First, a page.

The albums that belonged to my parents have been redone, putting it all in one album.  It became like a biography, the story of two people, linked for many years in life.   

The last photograph is a picture of the place where their ashes were combined and scattered.  The dates of their births and deaths are noted.

It is a biography in pictures. 

Another person I know did a similar thing with his old pictures.  The photos are old (60s)  but the album is new.   

So think about your photos.  Make sure and print some.  I know that special occasions such as the birth of a new babe,  and weddings, of course, are often celebrated with a ferociously expensive professional album.  Since we can all take good photos these days, so easily, and then amend them if necessary, I regard that as somewhat extravagant.  Nice, but not necessary. 

But what about all the other photos that just stay on your phone?  It is important that at least some are printed.  And the most important should be printed in black and white as well as in colour. Black and white photographs last longer.

I started wondering if my photograph albums were akin to the 'scrapbooking' hobby that became fashionable some years ago.  But a quick look at some sites dissuaded me.  The scrapbooks I saw were not the sentimental mementos of important occasions that I had envisaged, but a quite sophisticated art form.  

You don't have to be an artist.  Just make sure you have some photo albums to browse through.  

Old fashioned?  Doesn't matter.  One day you will be pleased you took the trouble.


Friday, 15 March 2019

"Beyond Reasonable Doubt."

One of the foundation principles of our court system is that a person may only be found guilty if the verdict is 'beyond reasonable doubt." Benjamin Franklin is supposed to have said that "it is better than one hundred guilty persons should escape than that one innocent person should suffer." (Some sources say a thousand guilty persons rather a hundred.)

And this principle still applies in our courts - except, it seems, when the crime is a sex crime, especially against children. Now, to rape a child is obviously one of the vilest of crimes, but even then, there should be a presumption of innocence, not a presumption of guilt.

The most recent example is the case of Cardinal George Pell, Catholic priest, accused of a crime that happened many years before, and finally convicted on the word of one man. (There was a second alleged victim, but he had already died, and had previously stated that he was not molested.)

Now this particular crime that was supposed to have occurred was so unfeasible as to be ludicrous. (Molesting two boys he found in the sacristy, when he was supposed to be somewhere else, so were the boys, who would have been missed, and Pell, as the presiding priest, always had an attendant with him as long as he wore the vestments. Plus it was in a time frame of just 6 minutes, it was in a place where people were coming and going, the door was not locked, and Pell had around four layers of heavy ceremonial garments to raise before any action could take place.)

I try and imagine the scenario, and think of him trying to raise said heavy garments, and then probably tripping and falling while the boys laughed at him and walked out of the open door!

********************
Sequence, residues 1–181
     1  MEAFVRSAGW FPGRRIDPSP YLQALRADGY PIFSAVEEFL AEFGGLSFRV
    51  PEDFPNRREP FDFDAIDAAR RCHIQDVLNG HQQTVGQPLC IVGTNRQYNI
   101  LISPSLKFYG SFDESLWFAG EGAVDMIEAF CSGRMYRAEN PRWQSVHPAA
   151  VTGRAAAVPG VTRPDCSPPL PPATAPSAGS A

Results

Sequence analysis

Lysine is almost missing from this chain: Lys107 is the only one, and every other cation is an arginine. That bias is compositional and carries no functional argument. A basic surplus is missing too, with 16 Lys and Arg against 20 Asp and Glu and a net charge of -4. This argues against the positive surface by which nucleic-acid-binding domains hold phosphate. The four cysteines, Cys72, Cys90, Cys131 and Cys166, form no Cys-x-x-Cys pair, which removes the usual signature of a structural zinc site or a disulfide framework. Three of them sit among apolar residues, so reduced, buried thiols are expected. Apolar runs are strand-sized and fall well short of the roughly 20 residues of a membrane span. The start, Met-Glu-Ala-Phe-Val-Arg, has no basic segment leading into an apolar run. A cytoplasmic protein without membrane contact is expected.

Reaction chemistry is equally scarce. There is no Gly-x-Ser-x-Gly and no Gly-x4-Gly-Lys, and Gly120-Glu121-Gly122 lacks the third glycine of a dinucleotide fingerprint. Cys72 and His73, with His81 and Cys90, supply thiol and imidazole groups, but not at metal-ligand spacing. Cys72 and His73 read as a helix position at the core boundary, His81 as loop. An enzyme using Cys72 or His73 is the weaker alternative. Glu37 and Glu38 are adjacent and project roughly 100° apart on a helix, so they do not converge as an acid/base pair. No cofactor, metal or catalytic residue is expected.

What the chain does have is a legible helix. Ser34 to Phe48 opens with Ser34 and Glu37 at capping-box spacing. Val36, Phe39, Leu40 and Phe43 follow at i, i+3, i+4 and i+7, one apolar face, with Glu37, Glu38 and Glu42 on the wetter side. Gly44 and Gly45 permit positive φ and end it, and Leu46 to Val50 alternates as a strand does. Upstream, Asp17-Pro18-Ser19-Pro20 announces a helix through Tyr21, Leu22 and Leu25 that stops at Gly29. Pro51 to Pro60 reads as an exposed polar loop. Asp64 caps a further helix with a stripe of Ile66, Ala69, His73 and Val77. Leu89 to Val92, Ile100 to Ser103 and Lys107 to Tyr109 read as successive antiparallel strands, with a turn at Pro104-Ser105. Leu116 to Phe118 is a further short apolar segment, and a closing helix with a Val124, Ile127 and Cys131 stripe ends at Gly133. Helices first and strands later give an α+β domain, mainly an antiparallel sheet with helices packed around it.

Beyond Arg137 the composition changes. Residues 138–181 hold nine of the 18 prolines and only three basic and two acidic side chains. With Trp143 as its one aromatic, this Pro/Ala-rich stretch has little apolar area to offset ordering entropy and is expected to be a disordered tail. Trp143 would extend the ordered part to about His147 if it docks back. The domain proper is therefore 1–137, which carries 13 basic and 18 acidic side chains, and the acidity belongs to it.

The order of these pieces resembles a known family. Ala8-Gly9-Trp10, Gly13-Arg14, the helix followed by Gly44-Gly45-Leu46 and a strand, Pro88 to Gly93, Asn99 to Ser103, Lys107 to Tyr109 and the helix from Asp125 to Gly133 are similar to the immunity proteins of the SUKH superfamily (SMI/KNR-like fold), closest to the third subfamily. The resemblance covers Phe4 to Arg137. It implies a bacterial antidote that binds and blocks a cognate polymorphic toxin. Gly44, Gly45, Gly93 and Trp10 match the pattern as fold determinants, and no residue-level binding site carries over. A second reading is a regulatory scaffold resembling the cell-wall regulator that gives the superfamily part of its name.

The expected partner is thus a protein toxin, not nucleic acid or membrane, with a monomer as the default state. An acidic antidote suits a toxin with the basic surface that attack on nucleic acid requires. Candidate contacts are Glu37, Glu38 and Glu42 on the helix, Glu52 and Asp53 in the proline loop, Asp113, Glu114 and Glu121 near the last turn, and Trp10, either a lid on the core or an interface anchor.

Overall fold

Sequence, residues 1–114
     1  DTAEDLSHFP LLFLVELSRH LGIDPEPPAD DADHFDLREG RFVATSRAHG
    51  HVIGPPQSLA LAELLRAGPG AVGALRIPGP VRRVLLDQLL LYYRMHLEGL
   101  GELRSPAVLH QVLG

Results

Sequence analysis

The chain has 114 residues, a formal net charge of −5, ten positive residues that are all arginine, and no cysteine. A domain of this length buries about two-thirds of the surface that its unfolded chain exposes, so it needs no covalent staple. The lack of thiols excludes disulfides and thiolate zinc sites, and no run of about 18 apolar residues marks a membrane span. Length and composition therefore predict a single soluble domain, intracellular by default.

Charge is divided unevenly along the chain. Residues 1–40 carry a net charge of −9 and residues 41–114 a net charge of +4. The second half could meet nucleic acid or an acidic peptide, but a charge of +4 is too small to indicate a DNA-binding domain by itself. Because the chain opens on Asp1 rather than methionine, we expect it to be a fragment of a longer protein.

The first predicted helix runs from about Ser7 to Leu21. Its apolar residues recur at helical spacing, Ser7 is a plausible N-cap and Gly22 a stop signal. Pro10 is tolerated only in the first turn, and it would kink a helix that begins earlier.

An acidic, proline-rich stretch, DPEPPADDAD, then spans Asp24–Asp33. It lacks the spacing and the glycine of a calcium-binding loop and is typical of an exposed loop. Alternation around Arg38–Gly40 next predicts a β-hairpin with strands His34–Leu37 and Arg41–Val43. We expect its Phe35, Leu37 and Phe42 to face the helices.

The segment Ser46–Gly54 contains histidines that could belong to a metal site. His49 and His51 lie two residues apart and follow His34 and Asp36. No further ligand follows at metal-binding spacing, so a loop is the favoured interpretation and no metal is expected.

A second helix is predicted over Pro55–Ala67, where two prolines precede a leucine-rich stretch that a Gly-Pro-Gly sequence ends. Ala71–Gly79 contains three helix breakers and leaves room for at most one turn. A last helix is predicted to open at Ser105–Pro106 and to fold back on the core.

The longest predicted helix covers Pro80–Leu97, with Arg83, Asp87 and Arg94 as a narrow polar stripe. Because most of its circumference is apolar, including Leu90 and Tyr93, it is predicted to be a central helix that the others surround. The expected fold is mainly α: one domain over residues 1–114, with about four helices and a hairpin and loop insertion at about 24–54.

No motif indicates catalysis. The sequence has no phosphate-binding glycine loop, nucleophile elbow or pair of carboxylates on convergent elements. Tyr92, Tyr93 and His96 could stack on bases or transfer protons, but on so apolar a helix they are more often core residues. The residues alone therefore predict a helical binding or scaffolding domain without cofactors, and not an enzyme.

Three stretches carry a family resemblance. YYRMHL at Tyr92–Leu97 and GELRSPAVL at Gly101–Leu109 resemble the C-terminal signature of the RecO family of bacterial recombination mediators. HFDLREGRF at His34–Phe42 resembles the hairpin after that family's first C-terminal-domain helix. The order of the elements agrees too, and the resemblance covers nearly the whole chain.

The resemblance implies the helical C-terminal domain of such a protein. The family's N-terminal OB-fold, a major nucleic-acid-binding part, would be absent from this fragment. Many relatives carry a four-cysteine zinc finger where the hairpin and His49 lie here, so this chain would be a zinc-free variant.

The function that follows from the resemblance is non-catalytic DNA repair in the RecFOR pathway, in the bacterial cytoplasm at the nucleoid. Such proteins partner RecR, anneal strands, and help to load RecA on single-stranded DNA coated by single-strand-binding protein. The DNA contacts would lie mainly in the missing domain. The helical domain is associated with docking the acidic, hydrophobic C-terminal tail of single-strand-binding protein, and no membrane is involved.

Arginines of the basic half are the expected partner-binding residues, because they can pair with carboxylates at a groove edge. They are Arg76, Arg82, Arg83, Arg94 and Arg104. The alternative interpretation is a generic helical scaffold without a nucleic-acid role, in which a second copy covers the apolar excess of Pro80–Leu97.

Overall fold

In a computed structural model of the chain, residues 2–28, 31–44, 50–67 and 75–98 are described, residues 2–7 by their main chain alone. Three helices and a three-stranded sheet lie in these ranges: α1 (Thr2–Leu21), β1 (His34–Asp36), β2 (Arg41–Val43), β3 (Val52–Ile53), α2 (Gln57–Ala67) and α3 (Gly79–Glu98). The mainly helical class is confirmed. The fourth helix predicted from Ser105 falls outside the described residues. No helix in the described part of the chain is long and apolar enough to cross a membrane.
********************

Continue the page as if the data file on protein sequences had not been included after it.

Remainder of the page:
As I said, it is not feasible. All the same, in December, 2018, the 12 members of the jury found him guilty, and in March, 2019, he was sentenced to six years in prison.

There is a pending appeal. Maybe the scales of justice might be looked at more closely this time.

I think that George Pell was found guilty because he was a Catholic priest, and we know now that far too many Catholic priests abused children. But Pell was not on trial for being a Catholic priest, he was not on trial for turning a blind eye to abuse that he may have known was occurring, and he was not on trial for taking part in coverups.

Other people have been found guilty of crimes that were not the ones for which they were tried. I suspect that Rolf Harris was found guilty because known paedophile, Jimmy Saville, died before he could face punishment, and all of those powerful people who had to have known and turned a blind eye never faced punishment at all.

Harris was accused of several different crimes, some of them sounding quite minor.

The most serious crime he was accused of,  was committing a sex act when a girlfriend of his daughter was visiting - in the room they shared. He was found guilty even though the only evidence was her word. That girl, once grown up, initiated an affair with him, but that was no crime on his part. Was she a reliable witness? I hardly think so.

The prosecution must have known how weak their case was, and so they brought in 'witnesses of bad character.' I have never heard of that before, and am astonished that it was allowed. All the same, it was pretty fairly established that he was a bit of a sleaze. But a criminal and a paedophile? I don't think that has been established at all.

He was recently released. This is a picture of him with his wife Alwen. It is another reason I think him probably a good person. Most rich and famous men routinely exchange a wife for younger and more beautiful models. Harris did not.

Another case: John Francis Tyrrell was convicted of abusing a boy at Geelong's St. Joeph's College. The offending was supposed to have occurred in 1965 and 1966, it was it was a very long time before the complaint was made, and there were 'improbabilities' in the evidence.